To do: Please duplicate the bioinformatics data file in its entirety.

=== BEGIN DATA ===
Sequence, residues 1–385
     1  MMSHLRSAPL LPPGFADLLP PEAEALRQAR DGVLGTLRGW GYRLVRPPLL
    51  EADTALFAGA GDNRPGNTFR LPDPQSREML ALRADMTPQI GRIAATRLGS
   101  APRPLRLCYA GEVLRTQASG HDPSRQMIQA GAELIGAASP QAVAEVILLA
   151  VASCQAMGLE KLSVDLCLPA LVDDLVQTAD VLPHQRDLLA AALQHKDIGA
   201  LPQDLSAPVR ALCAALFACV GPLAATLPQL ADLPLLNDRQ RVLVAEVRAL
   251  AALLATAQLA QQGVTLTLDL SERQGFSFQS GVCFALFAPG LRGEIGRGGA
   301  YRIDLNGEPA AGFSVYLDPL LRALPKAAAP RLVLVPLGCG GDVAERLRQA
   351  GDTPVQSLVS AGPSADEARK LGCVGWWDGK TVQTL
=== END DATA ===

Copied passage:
Sequence, residues 1–385
     1  MMSHLRSAPL LPPGFADLLP PEAEALRQAR DGVLGTLRGW GYRLVRPPLL
    51  EADTALFAGA GDNRPGNTFR LPDPQSREML ALRADMTPQI GRIAATRLGS
   101  APRPLRLCYA GEVLRTQASG HDPSRQMIQA GAELIGAASP QAVAEVILLA
   151  VASCQAMGLE KLSVDLCLPA LVDDLVQTAD VLPHQRDLLA AALQHKDIGA
   201  LPQDLSAPVR ALCAALFACV GPLAATLPQL ADLPLLNDRQ RVLVAEVRAL
   251  AALLATAQLA QQGVTLTLDL SERQGFSFQS GVCFALFAPG LRGEIGRGGA
   301  YRIDLNGEPA AGFSVYLDPL LRALPKAAAP RLVLVPLGCG GDVAERLRQA
   351  GDTPVQSLVS AGPSADEARK LGCVGWWDGK TVQTL